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GPs may face penalties for not using new-look Choose and Book for referrals

GPs may face penalties if they do not refer all their patients via the new e-referrals service due to be launched later this year, under plans being considered by NHS England.

Chief executive Sir David Nicholson admitted that managers had been ‘unable to persuade’ GPs to use Choose and Book for all referrals, but that he was considering whether to make the system mandatory after it is relaunched as a new ‘e-referrals’ site by the end of 2014.

NHS England has set its sights on getting 100% of practices using the new system by 2017 - based on flight-booking websites - and this is the first time that managers have raised the prospect of forcing GPs to use it to make referrals.

NHS England had previously said that they would prefer not to mandate the use of e-referrals and  want GPs ‘to be persuaded to use it, want to use it because they see the value of it.’

But speaking to MPs on the Public Accounts Committee this week, Sir David said they were looking at an ‘incentive stroke penalty system’ to maximise uptake.

Managers told MPs the new system will allow ‘anyone to anyone’ referrals, with GPs – and in some cases patients - able to refer to any NHS service and diagnostics.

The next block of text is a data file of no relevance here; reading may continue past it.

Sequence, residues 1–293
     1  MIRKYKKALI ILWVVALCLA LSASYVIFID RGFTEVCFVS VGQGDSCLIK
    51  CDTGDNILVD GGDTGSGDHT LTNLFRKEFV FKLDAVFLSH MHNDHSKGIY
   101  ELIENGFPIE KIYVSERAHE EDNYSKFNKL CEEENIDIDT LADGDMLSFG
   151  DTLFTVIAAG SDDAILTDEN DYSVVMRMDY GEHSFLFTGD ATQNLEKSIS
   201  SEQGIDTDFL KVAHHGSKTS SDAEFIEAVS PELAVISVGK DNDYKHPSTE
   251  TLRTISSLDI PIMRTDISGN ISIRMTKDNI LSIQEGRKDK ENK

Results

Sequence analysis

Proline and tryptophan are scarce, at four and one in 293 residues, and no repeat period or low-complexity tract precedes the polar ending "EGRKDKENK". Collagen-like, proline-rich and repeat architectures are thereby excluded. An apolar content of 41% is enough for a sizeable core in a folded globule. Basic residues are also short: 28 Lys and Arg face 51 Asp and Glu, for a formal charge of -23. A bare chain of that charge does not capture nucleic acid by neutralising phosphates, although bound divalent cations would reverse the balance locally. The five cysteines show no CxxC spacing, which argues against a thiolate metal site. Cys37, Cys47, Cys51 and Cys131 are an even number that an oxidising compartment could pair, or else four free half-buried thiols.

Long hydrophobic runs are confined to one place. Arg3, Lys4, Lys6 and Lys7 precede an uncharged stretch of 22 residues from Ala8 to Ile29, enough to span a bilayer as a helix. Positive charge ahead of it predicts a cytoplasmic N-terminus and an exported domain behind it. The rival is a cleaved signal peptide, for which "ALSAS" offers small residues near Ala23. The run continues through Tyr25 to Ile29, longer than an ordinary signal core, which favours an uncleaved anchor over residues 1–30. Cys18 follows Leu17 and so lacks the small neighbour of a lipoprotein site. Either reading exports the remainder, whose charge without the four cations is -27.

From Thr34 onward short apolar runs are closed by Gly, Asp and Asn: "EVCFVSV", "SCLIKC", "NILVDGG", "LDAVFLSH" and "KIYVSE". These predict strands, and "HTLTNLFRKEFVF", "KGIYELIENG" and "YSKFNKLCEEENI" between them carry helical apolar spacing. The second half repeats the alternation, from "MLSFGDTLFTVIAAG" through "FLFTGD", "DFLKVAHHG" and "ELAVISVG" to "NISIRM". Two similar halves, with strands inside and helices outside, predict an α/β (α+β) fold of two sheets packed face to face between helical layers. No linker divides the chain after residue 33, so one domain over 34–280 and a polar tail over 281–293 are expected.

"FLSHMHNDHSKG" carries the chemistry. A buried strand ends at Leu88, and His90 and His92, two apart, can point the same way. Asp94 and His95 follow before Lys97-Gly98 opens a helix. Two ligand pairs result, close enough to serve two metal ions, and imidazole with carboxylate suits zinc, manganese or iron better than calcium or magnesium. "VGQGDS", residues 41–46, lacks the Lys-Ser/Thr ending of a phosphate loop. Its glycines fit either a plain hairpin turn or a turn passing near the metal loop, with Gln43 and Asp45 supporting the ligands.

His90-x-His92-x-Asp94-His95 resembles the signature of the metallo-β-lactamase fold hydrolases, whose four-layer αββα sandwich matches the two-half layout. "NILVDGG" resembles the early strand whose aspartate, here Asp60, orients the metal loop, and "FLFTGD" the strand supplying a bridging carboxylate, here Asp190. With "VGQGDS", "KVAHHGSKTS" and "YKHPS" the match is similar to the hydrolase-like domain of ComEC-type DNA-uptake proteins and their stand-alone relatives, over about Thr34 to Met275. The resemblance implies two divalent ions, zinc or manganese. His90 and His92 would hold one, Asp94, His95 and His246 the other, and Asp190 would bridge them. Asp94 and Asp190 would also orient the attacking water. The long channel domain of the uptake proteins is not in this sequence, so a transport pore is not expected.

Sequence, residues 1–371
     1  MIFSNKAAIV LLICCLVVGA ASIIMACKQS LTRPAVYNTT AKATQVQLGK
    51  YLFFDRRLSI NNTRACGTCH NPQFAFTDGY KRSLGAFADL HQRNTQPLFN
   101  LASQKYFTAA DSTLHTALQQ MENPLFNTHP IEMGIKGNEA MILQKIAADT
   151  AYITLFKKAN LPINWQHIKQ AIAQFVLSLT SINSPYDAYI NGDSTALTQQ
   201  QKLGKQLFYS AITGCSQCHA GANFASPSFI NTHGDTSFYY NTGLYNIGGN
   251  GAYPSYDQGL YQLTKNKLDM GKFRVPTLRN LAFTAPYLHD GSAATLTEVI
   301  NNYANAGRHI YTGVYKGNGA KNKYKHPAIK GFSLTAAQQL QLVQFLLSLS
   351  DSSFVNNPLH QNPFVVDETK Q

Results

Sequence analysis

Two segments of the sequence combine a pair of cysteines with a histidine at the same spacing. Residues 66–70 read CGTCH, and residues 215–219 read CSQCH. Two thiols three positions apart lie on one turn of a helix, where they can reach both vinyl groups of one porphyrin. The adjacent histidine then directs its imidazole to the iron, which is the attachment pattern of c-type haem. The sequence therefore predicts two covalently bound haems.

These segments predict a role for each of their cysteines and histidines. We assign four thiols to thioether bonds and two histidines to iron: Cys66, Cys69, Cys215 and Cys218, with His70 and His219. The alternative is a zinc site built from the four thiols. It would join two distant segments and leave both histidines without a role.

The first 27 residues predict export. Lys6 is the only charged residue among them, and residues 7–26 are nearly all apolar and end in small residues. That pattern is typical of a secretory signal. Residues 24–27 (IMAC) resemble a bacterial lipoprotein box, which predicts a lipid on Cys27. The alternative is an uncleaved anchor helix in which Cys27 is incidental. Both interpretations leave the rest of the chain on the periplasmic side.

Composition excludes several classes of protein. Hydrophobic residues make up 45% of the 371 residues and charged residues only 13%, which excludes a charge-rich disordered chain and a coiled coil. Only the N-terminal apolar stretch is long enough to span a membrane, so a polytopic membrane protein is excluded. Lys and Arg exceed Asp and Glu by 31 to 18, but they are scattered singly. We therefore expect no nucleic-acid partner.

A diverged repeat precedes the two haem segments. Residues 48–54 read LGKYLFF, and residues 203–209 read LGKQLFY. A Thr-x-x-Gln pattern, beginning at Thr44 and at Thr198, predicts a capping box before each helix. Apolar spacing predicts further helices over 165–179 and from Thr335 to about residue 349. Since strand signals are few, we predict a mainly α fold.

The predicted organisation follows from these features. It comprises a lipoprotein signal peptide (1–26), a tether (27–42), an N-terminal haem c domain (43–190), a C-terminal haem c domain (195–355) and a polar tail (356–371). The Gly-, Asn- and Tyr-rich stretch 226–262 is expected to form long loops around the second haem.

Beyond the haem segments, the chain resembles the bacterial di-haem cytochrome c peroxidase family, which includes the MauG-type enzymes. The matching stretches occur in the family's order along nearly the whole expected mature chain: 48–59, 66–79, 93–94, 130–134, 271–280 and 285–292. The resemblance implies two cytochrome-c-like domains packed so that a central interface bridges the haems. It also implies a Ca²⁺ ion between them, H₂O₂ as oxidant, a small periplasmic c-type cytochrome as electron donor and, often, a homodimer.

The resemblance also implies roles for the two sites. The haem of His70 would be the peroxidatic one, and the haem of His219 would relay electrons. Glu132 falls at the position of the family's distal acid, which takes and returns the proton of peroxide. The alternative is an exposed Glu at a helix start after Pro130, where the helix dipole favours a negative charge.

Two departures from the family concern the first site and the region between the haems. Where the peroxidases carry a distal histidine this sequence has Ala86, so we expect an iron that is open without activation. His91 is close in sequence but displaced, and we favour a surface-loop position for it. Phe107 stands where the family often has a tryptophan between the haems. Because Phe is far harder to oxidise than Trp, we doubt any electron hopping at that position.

It will be available on mobiles and will automatically update the GP record. Patients will be able to book follow-up appointments, which will be linked to ensure that they happen in a pre-determined order.

Sir David told MPs: ‘GPs, of all our clinicians across the NHS, are probably the most technically advanced. They’ve got more digital systems than almost anybody. So it’s not that they’re frightened, they just don’t like the way the system works and it affects their patients they think they don’t want different ways, and we’ve been unable to persuade them of that.’

‘But I think we’re getting to the point here, where we’ve heard from e-referrals implementation, is that we want to get a system where we can make it a mandatory system as we go forward.’

He added: ‘The question we’ve got to ask is, in a sense - to get as wide a support for it as we can – and then: What is the incentive stroke penalty system we want to put in place to ensure that it actually works?’

Dr Una O’Brien, permanent secretary at the Department of Health, said the key objectives of the new service were to reduce DNAs and allow clinics ‘to run really smoothly’.

She said: ‘So it’s trying to take the best of Choose and Book and apply it in a more modern context given what we’ve learnt about how people interact with the system.’

The e-referrals system will come into operation at the end of 2014, and is central to health secretary Jeremy Hunt’s plans to create a ‘paperless NHS’ by 2018.

The current system ‘Choose and Book’ accounts for around half of GP referrals currently being made, but this proportion has been falling of late.

Dr John Canning, a GP in Middlesbrough and a member of the GPC, said Choose and Book was useful, but GPs should not be penalised for not using it.